There is a famous line in the book of the prophet Micah that reads as follows: ‘This is what the Lord asks of you, only this: to act justly, to love tenderly and to walk humbly with your God’ [Micah 6:8]. It sums up the very essence of what we are called to as people of faith.
Those very words haunted me last week as I listened to reports concerning ‘Mother and Baby Homes’ and the shocking revelations of how hundreds of children were buried in Tuam. Listening to those reports and interviews with those directly affected by the revelations, I felt both profound sadness and deep shame: sadness for those who were judged, marginalised, hidden away and made to feel like lesser beings; shame because our Church was instrumental in fostering a culture that regarded these mothers as outcasts and their children as ‘illegitimate.’ How in God’s name can a child ever be regarded as ‘illegitimate’? How could the birth of a baby and the precious gift of life ever be seen as a source of dishonour and shame? Every child born into our world is a blessing to be embraced, a gift to be cherished, a godsend to be nurtured and nourished regardless of the circumstances in which they are conceived or the family situation into which they are born. There simply are no ‘lesser children’ for God. There never has been and there never will be! All children are to be cherished equally; all mothers ought to be cared for and supported equally, all families are to be respected equally. To do anything else is to betray everything Jesus lived and died for.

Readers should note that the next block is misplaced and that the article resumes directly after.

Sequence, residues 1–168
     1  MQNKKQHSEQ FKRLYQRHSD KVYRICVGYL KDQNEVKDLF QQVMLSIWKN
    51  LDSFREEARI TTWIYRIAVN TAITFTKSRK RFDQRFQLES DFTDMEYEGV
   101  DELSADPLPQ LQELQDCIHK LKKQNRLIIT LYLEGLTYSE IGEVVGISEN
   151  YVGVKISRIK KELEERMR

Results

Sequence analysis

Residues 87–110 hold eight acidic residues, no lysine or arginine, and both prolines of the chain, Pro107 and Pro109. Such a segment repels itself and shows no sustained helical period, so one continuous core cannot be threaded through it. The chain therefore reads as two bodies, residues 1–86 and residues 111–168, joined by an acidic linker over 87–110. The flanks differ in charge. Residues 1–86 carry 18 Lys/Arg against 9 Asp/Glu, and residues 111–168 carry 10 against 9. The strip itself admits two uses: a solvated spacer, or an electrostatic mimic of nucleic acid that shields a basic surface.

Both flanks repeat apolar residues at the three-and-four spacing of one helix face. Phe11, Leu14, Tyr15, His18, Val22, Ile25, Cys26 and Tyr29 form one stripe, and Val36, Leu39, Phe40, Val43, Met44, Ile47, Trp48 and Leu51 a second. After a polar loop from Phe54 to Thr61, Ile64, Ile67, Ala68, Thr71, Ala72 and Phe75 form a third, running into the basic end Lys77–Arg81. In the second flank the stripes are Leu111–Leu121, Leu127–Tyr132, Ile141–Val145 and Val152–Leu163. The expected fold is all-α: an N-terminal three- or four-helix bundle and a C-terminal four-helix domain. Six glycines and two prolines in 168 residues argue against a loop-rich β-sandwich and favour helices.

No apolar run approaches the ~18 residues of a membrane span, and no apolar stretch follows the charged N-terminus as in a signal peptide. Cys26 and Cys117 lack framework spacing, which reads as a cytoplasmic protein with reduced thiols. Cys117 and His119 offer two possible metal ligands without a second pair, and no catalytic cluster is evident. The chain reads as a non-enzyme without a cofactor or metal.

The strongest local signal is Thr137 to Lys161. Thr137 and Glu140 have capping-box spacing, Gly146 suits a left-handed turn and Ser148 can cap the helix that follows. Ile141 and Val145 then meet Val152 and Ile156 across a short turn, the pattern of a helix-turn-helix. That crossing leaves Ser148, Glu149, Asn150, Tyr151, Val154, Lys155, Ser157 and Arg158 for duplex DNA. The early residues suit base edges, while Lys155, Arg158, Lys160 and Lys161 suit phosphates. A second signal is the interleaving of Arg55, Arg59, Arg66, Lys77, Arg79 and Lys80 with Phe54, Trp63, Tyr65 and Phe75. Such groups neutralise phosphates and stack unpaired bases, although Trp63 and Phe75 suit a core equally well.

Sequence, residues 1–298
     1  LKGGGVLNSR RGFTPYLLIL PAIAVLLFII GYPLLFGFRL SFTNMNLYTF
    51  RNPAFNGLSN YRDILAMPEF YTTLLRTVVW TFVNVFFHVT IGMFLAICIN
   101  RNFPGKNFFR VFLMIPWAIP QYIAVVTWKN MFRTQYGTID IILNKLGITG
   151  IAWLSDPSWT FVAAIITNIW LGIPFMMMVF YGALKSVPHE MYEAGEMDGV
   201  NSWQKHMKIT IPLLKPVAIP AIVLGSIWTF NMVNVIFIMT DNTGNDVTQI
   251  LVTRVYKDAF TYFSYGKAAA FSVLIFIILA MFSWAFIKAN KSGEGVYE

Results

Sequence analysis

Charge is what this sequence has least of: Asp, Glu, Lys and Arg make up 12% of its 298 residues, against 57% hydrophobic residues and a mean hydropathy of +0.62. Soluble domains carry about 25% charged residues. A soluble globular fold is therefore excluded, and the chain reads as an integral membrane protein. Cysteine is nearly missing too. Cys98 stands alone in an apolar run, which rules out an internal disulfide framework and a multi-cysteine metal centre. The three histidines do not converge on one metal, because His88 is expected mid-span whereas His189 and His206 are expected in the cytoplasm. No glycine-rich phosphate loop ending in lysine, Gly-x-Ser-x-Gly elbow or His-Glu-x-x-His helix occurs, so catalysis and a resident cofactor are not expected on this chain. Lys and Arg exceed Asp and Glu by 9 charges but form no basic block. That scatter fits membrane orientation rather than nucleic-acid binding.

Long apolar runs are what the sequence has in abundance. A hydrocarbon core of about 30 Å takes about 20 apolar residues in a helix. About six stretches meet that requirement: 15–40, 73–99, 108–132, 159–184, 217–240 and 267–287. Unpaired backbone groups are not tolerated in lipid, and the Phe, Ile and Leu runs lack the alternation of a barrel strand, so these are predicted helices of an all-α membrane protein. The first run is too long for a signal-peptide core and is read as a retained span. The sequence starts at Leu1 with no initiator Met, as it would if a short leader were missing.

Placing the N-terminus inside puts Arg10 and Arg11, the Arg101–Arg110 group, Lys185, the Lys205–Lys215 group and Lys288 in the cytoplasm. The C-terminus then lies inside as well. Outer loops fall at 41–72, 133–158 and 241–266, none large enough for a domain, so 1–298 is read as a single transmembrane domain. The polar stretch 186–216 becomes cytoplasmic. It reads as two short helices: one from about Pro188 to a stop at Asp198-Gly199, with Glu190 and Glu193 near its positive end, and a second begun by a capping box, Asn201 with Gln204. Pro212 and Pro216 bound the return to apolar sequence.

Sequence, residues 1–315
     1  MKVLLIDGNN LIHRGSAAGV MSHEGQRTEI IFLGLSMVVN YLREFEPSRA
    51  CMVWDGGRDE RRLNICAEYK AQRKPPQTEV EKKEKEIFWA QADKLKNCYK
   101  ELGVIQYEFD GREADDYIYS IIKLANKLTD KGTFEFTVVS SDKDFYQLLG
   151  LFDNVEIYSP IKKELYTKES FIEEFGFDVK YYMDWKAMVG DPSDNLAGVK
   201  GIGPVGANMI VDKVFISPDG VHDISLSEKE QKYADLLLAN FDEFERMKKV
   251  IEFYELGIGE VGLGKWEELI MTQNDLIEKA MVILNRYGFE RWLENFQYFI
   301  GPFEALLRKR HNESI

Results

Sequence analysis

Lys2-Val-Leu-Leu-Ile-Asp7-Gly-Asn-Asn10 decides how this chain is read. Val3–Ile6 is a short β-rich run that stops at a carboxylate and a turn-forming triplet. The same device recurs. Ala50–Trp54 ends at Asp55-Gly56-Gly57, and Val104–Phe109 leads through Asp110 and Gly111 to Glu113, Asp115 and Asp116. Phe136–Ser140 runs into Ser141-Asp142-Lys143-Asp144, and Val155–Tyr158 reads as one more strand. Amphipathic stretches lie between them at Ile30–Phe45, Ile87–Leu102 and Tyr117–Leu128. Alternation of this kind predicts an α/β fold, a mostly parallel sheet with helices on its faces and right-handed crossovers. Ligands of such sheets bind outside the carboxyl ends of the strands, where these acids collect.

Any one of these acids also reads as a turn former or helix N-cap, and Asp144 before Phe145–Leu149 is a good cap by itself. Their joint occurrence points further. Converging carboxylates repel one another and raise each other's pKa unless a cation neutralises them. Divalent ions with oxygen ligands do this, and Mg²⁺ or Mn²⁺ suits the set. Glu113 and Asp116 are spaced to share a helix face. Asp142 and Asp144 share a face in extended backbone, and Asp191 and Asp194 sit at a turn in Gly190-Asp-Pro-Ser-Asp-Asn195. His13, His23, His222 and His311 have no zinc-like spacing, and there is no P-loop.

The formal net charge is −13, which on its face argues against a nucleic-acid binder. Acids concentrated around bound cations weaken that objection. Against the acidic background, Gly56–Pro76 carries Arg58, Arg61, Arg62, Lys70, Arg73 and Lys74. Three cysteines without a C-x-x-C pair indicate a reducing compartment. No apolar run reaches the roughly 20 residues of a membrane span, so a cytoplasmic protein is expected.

And so this weekend I ask all of us to pray for all those who have suffered unjustly in the past, those who were shunned and hidden away, those who were denied the joy that should have rightfully been theirs in childbirth and motherhood. We humbly acknowledge the part our Church played in cultivating the culture that judged and looked down on these women and children and we pledge ourselves to rediscovering the path that Micah has marked out for us: to act justly, to love tenderly, and to walk humbly with our God. When we act justly, there is no room for discrimination. When we love tenderly, no one is excluded from our care. When we walk humbly with our God no one looks down on anyone else for we are all created equal in the image and likeness of the one and same God. Fr Seán